Within the cincture of its excluding garden-walls, wrote Elia in later years, "I could have exclaimed with that garden-loving poet,  At Blakesware, too, was the room whence the spirit of Sarah Battle--that "gentlewoman born"--winged its flight to a region where revokes and "luke-warm gamesters" are unknown. To John and Elizabeth Lamb were born seven children, only three of whom, John, Mary, and Charles, survived their infancy. Of the survivors, Charles was the youngest, John being twelve and Mary ten years his senior,--a fact to be weighed in estimating the heroism of Lamb's later life.
At the age of seven, Charles Lamb, "son of John Lamb, scrivener, and Elizabeth, his wife," was entered at the school of Christ's Hospital,--"the antique foundation of that godly and royal child King Edward VI. With his schoolfellows Charles seems to have been, despite his timid and retiring disposition he said of himself, "while the others were all fire and play, he stole along with all the self-concentration of a young monk" , a decided favorite.
Le Grice, a schoolmate often mentioned in essay and letter, "was an amiable, gentle boy, very sensible and keenly observing, indulged by his schoolfellows and by his master on account of his infirmity of speech I never heard his name mentioned without the addition of Charles, although, as there was no other boy of the name of Lamb, the addition was unnecessary; but there was an implied kindness in it, and it was a proof that his gentle manners excited that kindness.
For us the most important fact of the Christ's Hospital school-days is the commencement of Lamb's life-long friendship with Samuel Taylor Coleridge, two years his senior, and the object of his fervent hero-worship. Most of us, perhaps, can find the true source of whatever of notable good or evil we have effected in life in the moulding influence of one of these early friendships or admirations. It is the boy's hero, the one he loves and reverences among his schoolfellows,-- not his taskmaster,--that is his true teacher, the setter of the broader standards by which he is to abide through life.
Happy the man the feet of whose early idols have not been of clay. It was under the quickening influence of the eloquent, precocious genius of the "inspired charity boy" that Charles Lamb's ideals and ambitions shaped themselves out of the haze of a child's conceptions. Coleridge at sixteen was already a poet, his ear attuned to the subtlest melody of verse, and his hand rivalling, in preluding fragments, the efforts of his maturer years; he was already a philosopher, rapt in Utopian, schemes and mantling hopes as enchanting--and as chimerical--as the pleasure-domes and caves of ice decreed by Kubla Khan; and the younger lad became his ardent disciple.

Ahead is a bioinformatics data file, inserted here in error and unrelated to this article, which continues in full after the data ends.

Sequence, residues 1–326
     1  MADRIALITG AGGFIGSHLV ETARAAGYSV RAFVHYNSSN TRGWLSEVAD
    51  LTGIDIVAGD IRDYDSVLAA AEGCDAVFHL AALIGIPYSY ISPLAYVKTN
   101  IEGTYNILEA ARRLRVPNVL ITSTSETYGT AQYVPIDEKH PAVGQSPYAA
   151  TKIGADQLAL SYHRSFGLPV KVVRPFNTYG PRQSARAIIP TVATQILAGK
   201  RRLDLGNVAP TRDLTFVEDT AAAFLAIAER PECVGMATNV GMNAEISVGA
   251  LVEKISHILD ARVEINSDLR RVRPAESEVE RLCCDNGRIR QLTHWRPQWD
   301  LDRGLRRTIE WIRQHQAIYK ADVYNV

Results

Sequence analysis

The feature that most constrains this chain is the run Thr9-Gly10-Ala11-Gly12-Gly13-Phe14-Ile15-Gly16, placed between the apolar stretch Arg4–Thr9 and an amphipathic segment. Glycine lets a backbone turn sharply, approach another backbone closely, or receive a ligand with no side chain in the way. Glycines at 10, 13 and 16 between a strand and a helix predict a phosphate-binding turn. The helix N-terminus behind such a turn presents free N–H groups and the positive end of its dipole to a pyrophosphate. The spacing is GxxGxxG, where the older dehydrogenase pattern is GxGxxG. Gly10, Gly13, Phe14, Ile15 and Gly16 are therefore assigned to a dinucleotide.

Lamb quitted Christ's Hospital, prematurely, in November, , and the companionship of the two friends was for a time interrupted. To part with Coleridge, to exchange the ease and congenial scholastic atmosphere of the Hospital for the res angusta domi, for the intellectual starvation of a life of counting-house drudgery, must have been a bitter trial for him.
But the shadow of poverty was upon the little household in the Temple; on the horizon of the future the blackening clouds of anxieties still graver were gathering; and the youngest child was called home to share the common burden. Charles Lamb was first employed in the South Sea House, where his brother John --a cheerful optimist, a dilettante in art, genial, prosperous, thoroughly selfish, in so far as the family fortunes were concerned an outsider--already held a lucrative post.
It was not long before Charles obtained promotion in the form of a clerkship with the East India Company,--one of the last kind services of Samuel Salt, who died in the same year, ,--and with the East India Company he remained for the rest of his working life. Upon the death of their generous patron the Lambs removed from the Temple and took lodgings in Little Queen Street, Holborn; and for Charles the battle of life may be said to have fairly begun.
His work as a junior clerk absorbed, of course, the greater part of his day and of his year. Yet there were breathing-spaces: there were the long evenings with the poets; with Marlowe, Drayton, Drummond of Hawthornden, and Cowley,--"the sweetest names, which carry a perfume in the mention;" there were the visits to the play, the yearly vacation jaunts to sunny Hertfordshire.
The intercourse with Coleridge, too, was now occasionally renewed. The latter had gone up to Cambridge early in , there to remain--except the period of his six months' dragooning--for the nest four years. During his visits to London it was the habit of the two schoolfellows to meet at a tavern near Smithfield, the "Salutation and Cat" to discuss the topics dear to both: and it was about this time that Lamb's sonnet to Mrs Siddons, his first appearance in print, was published in the "Morning Chronicle. The year was a terribly eventful one for the Lambs. There was a taint of insanity in the family on the father's side, and on May 27, , we find Charles writing to Coleridge these sad words,--doubly sad for the ring of mockery in them The six weeks that finished last year and began this, your very humble servant spent very agreeably in a madhouse at Hoxton.
I am got somewhat rational now and don't bite any one.
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The Best Letters of Charles Lamb by Charles Lamb
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Showing Rating details. More filters. Sort order. He had a very unique style of writing, with quirky observations and side notes.
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His life made his writing make more sense, so be sure to read the introduction. Aug 30, Whitney Moore rated it liked it. There were, however, nuggets for mere mortals like myself, some of which I will cite to bring a smile: "This dark, frieze-coated, hoarse, teeth-chattering month.
Yours is a poetical family. Your "Monody"  is so superlatively excellent that I can only wish it perfect, which I can't help feeling it is not quite.